Woman guilty in slaying

November 23, 1993|By Dennis O'Brien | Dennis O'Brien,Staff Writer

A Glen Burnie woman pleaded guilty in Anne Arundel Circuit Court yesterday to second-degree murder in the fatal shooting of an acquaintance, whom she believed had been abusing the son of a mutual friend.

Arletta Mary Moore, 29, admitted to Judge Raymond G. Thieme Jr. that she walked into the Millersville Inn May 31, pulled a .38-caliber handgun from her purse and fired four shots into Dawn Renee Meyers, 31, of Ferndale.

She told police that she felt as if she had just killed the four men in her life who had abused her.

"I kept thinking 'You won't hurt another baby,' " Moore told police.

Ms. Meyers died about three hours later at the Maryland Shock Trauma Center.

After the shooting, Moore walked out of the restaurant, dropped the gun in the parking lot and was picked up a few minutes later by county police as she walked along Route 3.

Moore could be sentenced to a maximum of 50 years on Feb. 11.

Assistant State's Attorney Eugene M. Whissel II told Judge Thieme that Moore stole the handgun from a friend and a month before the murder told another friend that she was going to kill someone.

He said that she told police she hadn't eaten in two days before the murder and had not slept well for the two weeks beforehand.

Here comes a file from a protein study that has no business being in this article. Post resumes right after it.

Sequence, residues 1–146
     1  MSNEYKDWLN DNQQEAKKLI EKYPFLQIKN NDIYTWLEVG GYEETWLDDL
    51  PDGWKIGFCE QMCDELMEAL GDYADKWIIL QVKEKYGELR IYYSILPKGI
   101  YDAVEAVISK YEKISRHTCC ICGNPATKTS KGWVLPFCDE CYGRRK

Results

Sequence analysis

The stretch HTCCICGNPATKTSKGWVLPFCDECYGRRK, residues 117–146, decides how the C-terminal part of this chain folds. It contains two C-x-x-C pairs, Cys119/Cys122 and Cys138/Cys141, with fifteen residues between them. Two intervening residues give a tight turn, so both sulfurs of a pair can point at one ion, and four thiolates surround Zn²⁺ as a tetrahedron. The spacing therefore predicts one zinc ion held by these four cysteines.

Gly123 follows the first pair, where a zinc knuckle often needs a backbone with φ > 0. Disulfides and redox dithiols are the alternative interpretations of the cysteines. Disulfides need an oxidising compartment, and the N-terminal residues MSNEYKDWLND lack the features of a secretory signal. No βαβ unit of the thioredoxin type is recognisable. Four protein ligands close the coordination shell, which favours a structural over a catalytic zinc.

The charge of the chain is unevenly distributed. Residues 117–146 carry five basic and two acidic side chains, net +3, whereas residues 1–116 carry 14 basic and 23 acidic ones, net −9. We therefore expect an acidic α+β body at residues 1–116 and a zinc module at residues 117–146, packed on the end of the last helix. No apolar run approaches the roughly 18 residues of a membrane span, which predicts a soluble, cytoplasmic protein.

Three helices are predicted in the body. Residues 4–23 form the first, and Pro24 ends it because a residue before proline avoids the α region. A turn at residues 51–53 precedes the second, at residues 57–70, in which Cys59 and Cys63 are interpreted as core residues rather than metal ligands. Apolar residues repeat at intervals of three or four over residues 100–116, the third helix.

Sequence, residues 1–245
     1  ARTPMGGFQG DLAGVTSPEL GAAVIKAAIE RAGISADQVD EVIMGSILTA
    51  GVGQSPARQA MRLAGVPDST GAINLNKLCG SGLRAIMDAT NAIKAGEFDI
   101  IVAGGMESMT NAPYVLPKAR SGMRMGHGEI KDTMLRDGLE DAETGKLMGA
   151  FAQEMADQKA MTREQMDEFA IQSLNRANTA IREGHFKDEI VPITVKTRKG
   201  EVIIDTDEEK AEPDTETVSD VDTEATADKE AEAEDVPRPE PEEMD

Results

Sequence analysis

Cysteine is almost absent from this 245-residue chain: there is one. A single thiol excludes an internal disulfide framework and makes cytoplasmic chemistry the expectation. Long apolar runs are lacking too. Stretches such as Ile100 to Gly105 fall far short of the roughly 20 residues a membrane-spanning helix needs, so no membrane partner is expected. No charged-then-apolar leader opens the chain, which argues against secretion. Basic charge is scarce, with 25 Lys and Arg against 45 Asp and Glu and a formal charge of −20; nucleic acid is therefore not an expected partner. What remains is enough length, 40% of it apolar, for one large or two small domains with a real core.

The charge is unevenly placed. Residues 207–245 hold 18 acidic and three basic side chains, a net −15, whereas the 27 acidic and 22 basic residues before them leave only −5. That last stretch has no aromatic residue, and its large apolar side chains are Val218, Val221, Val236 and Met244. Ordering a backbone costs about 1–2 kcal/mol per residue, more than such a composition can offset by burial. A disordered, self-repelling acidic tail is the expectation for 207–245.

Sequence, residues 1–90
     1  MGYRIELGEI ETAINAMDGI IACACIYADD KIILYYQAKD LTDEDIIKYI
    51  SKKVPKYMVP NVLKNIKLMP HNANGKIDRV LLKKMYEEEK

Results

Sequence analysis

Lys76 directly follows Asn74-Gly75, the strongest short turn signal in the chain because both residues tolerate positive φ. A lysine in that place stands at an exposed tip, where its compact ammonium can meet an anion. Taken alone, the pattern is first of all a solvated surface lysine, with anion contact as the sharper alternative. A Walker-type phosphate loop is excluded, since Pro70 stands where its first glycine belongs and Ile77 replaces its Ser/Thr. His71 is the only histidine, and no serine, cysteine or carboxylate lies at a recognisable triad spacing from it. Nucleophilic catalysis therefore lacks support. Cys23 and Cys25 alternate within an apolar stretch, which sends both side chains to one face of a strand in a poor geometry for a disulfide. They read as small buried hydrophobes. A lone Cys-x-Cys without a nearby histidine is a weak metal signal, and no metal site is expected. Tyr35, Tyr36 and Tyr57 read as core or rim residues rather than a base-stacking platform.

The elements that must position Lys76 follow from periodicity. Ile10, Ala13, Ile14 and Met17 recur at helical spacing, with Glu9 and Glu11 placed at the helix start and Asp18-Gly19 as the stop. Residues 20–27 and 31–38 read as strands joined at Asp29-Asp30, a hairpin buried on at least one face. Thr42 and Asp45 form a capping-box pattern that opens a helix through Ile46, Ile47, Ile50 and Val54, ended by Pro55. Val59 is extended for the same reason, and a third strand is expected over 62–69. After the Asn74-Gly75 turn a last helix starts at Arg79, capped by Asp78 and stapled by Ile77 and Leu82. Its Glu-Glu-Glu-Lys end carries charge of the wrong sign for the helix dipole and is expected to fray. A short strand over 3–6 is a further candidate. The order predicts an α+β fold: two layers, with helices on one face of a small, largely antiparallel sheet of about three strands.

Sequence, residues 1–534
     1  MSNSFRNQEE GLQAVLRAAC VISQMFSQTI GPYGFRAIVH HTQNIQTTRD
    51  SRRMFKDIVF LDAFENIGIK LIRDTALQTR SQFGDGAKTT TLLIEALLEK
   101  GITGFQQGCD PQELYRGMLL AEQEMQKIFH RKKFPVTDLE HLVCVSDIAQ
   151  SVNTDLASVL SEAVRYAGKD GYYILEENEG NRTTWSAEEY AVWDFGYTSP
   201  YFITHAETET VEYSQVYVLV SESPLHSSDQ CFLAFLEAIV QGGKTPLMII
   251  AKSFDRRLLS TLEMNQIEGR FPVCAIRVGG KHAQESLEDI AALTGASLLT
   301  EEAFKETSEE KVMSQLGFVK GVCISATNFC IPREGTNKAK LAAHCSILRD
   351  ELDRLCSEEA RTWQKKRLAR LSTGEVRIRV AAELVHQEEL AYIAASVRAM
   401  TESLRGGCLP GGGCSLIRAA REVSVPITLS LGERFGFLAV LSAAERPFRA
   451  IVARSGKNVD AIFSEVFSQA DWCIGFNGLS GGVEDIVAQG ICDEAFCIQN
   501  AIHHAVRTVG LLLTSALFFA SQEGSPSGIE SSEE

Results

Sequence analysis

Mr. Whissel said that when Moore confronted Ms. Meyers that day in the restaurant kitchen where the victim was a cook she was angered by the victim's reaction.

Moore told police, "She [Ms. Meyers] just smirked like I couldn't do anything to her. I just shot her."

Answering the judge in a quiet voice, Moore showed no emotion as a statement detailing the murder was read into the court record.

But she burst into tears after being led in handcuffs from the courtroom by a guard from Clifton T. Perkins Hospital, where she is being held.

Assistant public defender Robert Waldman painted a picture of a tormented woman whose troubles started when she was a child and her parents divorced.

Moore shuttled between her parents and foster parents in different states and was abused by a stepfather, foster father and teacher. She was beginning to have memories of being abused by her grandfather.

Moore was treated in at least four mental hospitals over the years.

She gave up a baby for adoption one year before the murder and was undergoing psychiatric treatment. She was unemployed and living alone in a boarding house on Rose Avenue when she shot Ms. Meyers, Mr. Waldman said.

He said she is being held at Perkins because a court-ordered psychiatric evaluation determined that her urge to commit suicide, which surfaced when she was 14, remains.

The defense lawyer said Moore had reported to the state Department of Social Services that Ms. Meyers had been abusing the 6-year-old son of a friend. She was frustrated that nothing was being done and took matters into her own hands.

"She was abused by four people and she fired four shots. I don't think that was a coincidence," he said.

But Mr. Whissel said yesterday that the reports of child abuse were investigated and turned out to be unfounded.

He said he accepted a plea to second-degree murder because Moore's mental history would have made it difficult to prove there was premeditation and a specific intent to kill.

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